People who are employed in human resources may be called upon to perform a workplace investigation from time to time. Many people are apprehensive about conducting an investigation that may involve their employer and their colleagues. This reluctance is only natural, considering that the outcome can have a significant impact on the workplace. Nonetheless, the necessity for properly conducting an investigation is paramount in order to limit the employer’s liability in the event of a lawsuit and to institute important changes to the way employees are treated in the workplace.
When Is a Workplace Investigation Necessary?
The law often dictates when an inquiry must be made. Some employers will decide to look into all complaints whether the law requires it or not. Essentially, whenever an employee makes a complaint concerning harassment, reports missing money or equipment, or informs management about an accident, it is likely that an investigation must occur.
Impartiality Is Key
Recent court decisions underline the fact that workplace investigations must be impartial. A judge for an age discrimination case found that the plaintiff’s former employer conducted a lopsided investigation that did not include any input from the employee. Accordingly, the company’s report of the incident was viewed harshly by the judge and probably figured in the $4.1 million judgment that was awarded to the plaintiff.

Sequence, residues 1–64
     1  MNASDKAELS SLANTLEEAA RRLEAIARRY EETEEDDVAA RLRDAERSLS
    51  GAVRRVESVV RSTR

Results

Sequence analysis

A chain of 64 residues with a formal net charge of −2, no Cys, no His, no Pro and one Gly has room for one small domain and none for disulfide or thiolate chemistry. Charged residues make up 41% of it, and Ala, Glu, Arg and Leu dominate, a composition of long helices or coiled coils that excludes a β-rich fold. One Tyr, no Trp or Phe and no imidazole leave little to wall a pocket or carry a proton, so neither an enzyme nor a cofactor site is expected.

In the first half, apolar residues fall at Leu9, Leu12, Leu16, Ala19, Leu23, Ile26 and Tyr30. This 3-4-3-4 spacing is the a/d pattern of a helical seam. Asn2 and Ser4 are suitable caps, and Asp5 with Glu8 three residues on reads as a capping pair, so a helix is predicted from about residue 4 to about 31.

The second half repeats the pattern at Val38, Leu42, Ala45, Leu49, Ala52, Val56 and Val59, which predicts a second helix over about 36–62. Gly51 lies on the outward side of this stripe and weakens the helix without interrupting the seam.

Never Ignore Complaints
While all complaints do not warrant a full investigation, it is essential that all complaints be taken seriously. Failing to do so simply leads to bigger headaches. It may be possible to head off litigation by being proactive.
The investigator must look for any documentation that will support both sides of the workplace investigation. It is equally important to document and preserve all witness interviews and steps taken. This can benefit either party, particularly if litigation becomes involved.
If you have questions about employment law, Daniel C. Miller can help. Contact us in Missouri at (816) 875-0470 or Kansas at (913) 624-9646 to learn more, or fill out our online contact form with a brief description of your legal issue.